I Know what you are doing this Summer!

NYU Tandon School of Engineering welcomes hundreds of city students into its free summer courses

4 students of the k12 program participating in a project

NYU Tandon K12 summer students at work. Photo credit: Michael Duong.

This summer, close to 300 New York City middle and high school students will immerse themselves in cutting-edge science, technology, engineering and math (STEM) research and hands-on learning, thanks to NYU Tandon School of Engineering’s free, summer education program, the biggest of its kind in the city.

Since NYU Tandon’s Center for K12 STEM Education launched in 2011, thousands of motivated young people ages 12 to 17 — predominantly from public schools in all five boroughs and reflecting demographic and income groups traditionally underrepresented in STEM fields — have completed rigorous non-credit course tracks covering topics including cybersecurity, urban engineering, sustainability, and noise pollution.

"Expanding access to high-quality STEM education for all students, with a special commitment to New York City's public school students, is a fundamental mission of NYU Tandon's Center for K12 STEM Education," said Ben Esner, the Center's director. "Our tuition-free summer programs are a cornerstone of this commitment, offering resources and a supportive community that exposes curious students to the full breadth of STEM fields. Many participants discover their passion and go on to pursue STEM degrees and careers."

The Center for K12 STEM Education runs five full-time, multi-week summer course tracks that provide full-tuition scholarships for all the students who participate in them. 

Students in the Applied Research Innovations in Science and Engineering (ARISE) track join NYU Tandon labs, contributing to vital research there. The four other tracks each focus on a different subject area and feature lessons from experts and mentors, including alumni from the program who are now pursuing STEM degrees of their own. 

The tuition-free course tracks are made possible through support from foundations, industry and public partners and the federal government. They run from July to early August. ARISE students will present their work at a colloquium on August 9, while the other program students will display their final projects at an Expo on August 2

The five courses are:

Applied Research Innovations in Science and Engineering (ARISE)

Students contribute to high-level academic research by joining NYU faculty labs, working under the mentorship of graduate and postdoctoral students there. This year, about 70 ARISE students, all of whom completed 10th or 11th grade as of this spring, will work in 30+ NYU labs in Brooklyn and Manhattan. The program starts in-person on July 1 and concludes at the August 9th colloquium featuring student presentations. The Pinkerton Foundation supports ARISE.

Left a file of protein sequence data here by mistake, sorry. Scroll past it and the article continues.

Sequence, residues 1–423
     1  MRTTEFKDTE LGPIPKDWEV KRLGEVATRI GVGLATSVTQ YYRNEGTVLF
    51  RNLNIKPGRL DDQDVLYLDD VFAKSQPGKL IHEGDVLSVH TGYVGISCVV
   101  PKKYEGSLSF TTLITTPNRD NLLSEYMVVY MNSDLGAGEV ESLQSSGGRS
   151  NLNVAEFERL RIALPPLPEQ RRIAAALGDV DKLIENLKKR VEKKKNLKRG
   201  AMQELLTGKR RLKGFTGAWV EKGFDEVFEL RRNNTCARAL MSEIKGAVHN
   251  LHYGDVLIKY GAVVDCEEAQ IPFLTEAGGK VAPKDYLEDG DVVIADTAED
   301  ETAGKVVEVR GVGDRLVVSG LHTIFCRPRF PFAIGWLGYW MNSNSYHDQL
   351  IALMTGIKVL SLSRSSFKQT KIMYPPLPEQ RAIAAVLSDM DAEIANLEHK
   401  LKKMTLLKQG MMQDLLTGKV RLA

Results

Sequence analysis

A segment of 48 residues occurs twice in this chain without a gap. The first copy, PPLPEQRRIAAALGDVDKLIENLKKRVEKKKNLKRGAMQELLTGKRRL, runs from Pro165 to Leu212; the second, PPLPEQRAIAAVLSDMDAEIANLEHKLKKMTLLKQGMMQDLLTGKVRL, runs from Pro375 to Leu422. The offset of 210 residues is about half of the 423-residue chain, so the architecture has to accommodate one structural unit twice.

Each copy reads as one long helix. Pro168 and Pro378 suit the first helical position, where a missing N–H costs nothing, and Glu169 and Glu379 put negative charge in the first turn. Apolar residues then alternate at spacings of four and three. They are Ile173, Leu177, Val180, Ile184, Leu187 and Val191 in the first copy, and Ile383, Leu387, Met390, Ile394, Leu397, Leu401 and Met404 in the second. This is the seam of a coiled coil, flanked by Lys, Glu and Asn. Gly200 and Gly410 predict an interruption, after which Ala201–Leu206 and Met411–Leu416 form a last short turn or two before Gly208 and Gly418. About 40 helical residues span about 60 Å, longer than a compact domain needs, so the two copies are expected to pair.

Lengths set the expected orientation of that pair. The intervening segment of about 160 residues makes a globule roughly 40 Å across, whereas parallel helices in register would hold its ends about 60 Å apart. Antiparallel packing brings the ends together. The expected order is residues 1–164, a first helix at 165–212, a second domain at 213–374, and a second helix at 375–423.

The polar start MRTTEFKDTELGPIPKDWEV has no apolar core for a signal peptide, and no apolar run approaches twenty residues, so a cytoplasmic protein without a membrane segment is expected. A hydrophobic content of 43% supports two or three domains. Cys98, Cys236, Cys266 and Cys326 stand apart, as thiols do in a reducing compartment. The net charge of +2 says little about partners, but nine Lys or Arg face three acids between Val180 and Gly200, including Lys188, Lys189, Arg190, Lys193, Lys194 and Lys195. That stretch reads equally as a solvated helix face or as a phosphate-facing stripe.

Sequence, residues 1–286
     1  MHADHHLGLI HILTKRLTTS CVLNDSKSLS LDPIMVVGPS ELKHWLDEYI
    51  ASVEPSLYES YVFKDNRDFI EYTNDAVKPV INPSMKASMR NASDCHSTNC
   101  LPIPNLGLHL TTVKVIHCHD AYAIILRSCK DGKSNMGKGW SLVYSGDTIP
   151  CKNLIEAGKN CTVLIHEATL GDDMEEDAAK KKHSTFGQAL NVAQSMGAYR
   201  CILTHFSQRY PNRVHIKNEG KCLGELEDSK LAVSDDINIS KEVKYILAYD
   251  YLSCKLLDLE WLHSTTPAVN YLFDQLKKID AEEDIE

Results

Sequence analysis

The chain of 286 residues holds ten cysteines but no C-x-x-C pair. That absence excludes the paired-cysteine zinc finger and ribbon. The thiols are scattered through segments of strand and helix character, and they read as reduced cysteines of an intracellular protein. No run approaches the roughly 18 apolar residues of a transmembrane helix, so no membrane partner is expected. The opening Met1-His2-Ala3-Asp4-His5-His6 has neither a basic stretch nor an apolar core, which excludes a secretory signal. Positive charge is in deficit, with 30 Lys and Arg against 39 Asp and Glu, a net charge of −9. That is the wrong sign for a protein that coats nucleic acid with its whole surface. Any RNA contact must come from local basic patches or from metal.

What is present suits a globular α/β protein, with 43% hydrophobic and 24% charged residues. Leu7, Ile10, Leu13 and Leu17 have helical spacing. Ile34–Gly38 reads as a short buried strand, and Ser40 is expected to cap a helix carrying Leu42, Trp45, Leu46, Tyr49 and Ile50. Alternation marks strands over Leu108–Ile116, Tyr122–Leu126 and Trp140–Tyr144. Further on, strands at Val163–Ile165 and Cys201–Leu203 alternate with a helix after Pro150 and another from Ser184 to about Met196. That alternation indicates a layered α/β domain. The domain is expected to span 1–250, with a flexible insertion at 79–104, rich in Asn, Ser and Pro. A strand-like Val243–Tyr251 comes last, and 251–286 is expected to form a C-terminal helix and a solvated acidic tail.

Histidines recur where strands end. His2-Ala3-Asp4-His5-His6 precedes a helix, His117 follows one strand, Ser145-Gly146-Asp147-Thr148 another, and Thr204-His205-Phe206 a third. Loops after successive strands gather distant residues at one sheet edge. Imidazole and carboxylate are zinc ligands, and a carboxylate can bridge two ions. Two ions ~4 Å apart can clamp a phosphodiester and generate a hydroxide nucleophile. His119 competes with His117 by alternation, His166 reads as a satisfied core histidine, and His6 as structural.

Innovation, Entrepreneurship and the Science of Smart Cities (ieSoSC)

NYU Tandon's “areas of excellence” include sustainability and urban engineering. This track brings that to life by teaching students how to solve real-world urban challenges by marrying entrepreneurialism and engineering ingenuity. Using microcontrollers, sensors, circuitry, coding, and cloud computing, around 26 students – who have just completed grades 9, 10 and 11 – team up to invent new technologies intended to improve urban life. The course starts on July 1 and concludes with students displaying their inventions at the August 2nd Expo.  National Grid supports ieSOSC, and Con Edison and Winston Foundation also provide funding. 


Science of Smart Cities (SoSC)

A middle-school version of ieSoSC, the approximately 84 students enrolled completed 6th or 7th grade this spring. The program starts on July 8 and concludes with presentations at the Expo on August 2. Con Edison supports SoSC, with additional contributions from Winston Foundation and National Grid.


Sounds of New York City (SONYC)  I & II

Students learn about noise pollution, and develop technologies that can monitor sound.  The approximately 40 students enrolled completed grades 7 or 8 this spring. The program starts on July 8, and concludes with presentations at the August 2nd Expo. Con Edison and Winston Foundation provide support. 


Computer Science for Cyber Security (CS4CS)

Digital privacy and security are at the forefront of all computer science advances, and NYU Tandon has led research and education in this space for a decade plus. With the longtime support of DTCC, the premier post-trade market infrastructure for the global financial services industry, CS4CS teaches the fundamentals of cybersecurity and computer science by delving into topics including “white hat” hacking, online privacy and digital forensics. The approximately 70 participants all completed either 8th, 9th, 10th, or 11th grade this spring. The program runs July 15 to August 9.

The application and interview process for the competitive free program takes place each spring and is open to New York City residents. 

NYU Tandon’s commitment to K12 education extends to offering tuition-based summer courses for high school students from around the country and the world in topics including machine learning, robotics, emerging media and more. This enables the Center to educate nearly 600 students in total this summer. 

kids with remote control robots

Explore K12 Summer Programs

Learn more about all of the Center's summer programs for middle and high school students.